At CES, I visited Wilocity to learn more about their WiGig chipset and see how close they were to being production-ready. A number of news articles covering Wilocity at CES have already been posted on various sites (PCMag, ArsTechnica). So, in this piece, I will be presenting analysis of details which haven't already been covered in the articles linked above.

Wilocity is part of the WiGig (Wireless Gigabit) alliance which promises systems capable of delivering upto 7 Gbps of bandwidth in the 60 GHz spectrum. The issue with the 60 GHz spectrum is the short range, which restricts it to being an in-room technology. The WiGig specifications are being developed under the auspices of the IEEE 802.11ad standards association, and expected to be ratified early next year. However, Wilocity believes that its current chipset adheres to the draft specifications, and it should not be difficult to make it compliant with the final specifications when it gets ratified.

Every technology needs to be in the right place at the right time, and the rise of tablets and the marketing push behind Ultrabooks might just be what WiGig needs. At CES, Wilocity (in association with AzureWave) demonstrated working prototypes of their chipset in action showing how it could solve the connectivity issue for Ultrabooks (and, by extension, tablets). AzureWave demonstrated the technology at Computex 2011, but the marketing push behind Ultrabooks was yet to take off at that time. The small and slim form factor of the Ultrabooks makes it very difficult to integrate I/O ports such as eSATA, USB 3.0, RJ-45 etc. which are taken for granted by many notebook users.

The DockingZone solution from AzureWave is meant to be a stationary dock in the room where the Ultrabook is usually used. It provides all the necessary I/Os like eSATA, RJ-45, USB ports (2.0 and 3.0), HDMI, VGA, DisplayPort etc. On the Ultrabook side, the Wi-Fi mini-PCI-E connector is replaced by a similar module which integrates Wilocity's chip as well as a Wi-Fi fallback option using a Qualcomm Atheros WLAN chipset. This enables the Ultrabook manufacturer to just replace the Wi-Fi module with the WiGig / Wi-Fi combo module without any loss of original functionality (essentially creating a tri-band wireless chipset). Since WiGig is media agnostic, it can be used to transfer data, I/O or video.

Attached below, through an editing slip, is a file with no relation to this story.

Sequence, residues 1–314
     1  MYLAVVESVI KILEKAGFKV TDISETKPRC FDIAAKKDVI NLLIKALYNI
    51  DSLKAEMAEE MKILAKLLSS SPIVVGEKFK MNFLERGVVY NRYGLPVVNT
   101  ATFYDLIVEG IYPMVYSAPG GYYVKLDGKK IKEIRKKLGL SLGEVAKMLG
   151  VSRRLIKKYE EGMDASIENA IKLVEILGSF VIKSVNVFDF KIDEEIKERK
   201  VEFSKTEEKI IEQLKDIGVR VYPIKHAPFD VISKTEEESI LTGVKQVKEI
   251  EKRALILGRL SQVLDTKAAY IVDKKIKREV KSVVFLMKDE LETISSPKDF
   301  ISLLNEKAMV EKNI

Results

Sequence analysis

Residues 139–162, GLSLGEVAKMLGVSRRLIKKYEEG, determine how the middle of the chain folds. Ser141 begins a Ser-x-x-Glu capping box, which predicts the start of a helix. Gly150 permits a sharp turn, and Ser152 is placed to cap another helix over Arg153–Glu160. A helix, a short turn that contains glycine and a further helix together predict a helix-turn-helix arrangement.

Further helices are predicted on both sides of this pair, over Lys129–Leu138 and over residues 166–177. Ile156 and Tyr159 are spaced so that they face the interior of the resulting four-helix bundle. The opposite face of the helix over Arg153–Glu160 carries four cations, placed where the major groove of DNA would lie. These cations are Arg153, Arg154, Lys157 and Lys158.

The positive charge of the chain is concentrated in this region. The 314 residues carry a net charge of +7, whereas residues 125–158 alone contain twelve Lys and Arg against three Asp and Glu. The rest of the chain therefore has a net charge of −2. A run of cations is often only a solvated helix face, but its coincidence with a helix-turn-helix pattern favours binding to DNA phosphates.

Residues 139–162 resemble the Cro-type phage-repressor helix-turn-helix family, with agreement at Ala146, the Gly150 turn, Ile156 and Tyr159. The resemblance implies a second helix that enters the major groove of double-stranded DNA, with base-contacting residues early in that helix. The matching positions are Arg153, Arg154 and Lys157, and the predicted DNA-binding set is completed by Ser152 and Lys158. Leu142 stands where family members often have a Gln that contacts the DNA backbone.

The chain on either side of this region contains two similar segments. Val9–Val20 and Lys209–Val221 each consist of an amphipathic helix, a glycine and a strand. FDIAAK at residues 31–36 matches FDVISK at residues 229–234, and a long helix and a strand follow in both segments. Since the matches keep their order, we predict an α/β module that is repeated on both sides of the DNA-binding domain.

AzureWave DockingZone (Source: PCMag)

Wilocity's advertised usecase is the usage of the dock as a seamless extension of the Ultrabook itself. All the devices connected to the dock appear as if they are connected to the computer directly in the Windows Device Manager.

The speeds made possible with the Wilocity chipset make sure that even simultaneous data transfer and video output over HDMI don't cause system hiccups. Data transfers easily reached speeds of 1 Gbps and, on the whole, it was quite an impressive demo. Power consumption will apparently be on par with (or slightly better) than 802.11n based systems because of the possibility of the system going to sleep within a shorter timeframe because the data gets transferred faster.

Though the 60 GHz spectrum limits the range of the systems, the technology can take advantage of beamforming and also bounce off objects to not be necessarily a line-of-sight technology. Wilocity's technology has been part of the AzureWave system and has been demonstrated in various tradeshows over the last year or so. As I mentioned earlier, any technology needs to be in the right place at the right time. Wilocity's WiGig chipset adhering to the draft 802.11ad specifications is impressive enough to have a bright future ahead if Ultrabooks take off and tablets start to get used more within a single room in the household.

Source: BusinessWire

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  • XZerg - Monday, January 23, 2012 - link

    I could have sworn the new standard was supposed to be called 802.11ac not 'ad'... is this another standard?
  • lbeyak - Monday, January 23, 2012 - link

    Yes, this one (802.11ad) is an in-room technology only, due to it's low range. 802.11ac is the regular WiFi technology to replace 802.11a/b/g/n
  • JarredWalton - Monday, January 23, 2012 - link

    Note also that this is 60GHz spectrum where 802.11ac is 5GHz.
  • stephenbrooks - Monday, January 23, 2012 - link

    I'd rather have a thicker laptop with a proper set of ports on it. However, I can see this WiGig thing being useful for wirelessly-connected screens, perhaps. You don't move your screens around as much as your laptop so could get them in a position with permanently good signal.
  • Zap - Tuesday, January 24, 2012 - link

    [tin foil hat] Do people worry anymore over all these wireless signals (including wireless power) causing cancer? [/tin foil hat]

    Instead of making faster wireless, I would settle for existing wireless to be more reliable and have greater range.
  • Impulses - Wednesday, January 25, 2012 - link

    Sounds like they're positioning it as a quasi-Thunderbolt wireless equivalent for tablets and ultrabooks... It certainly sounds appealing.

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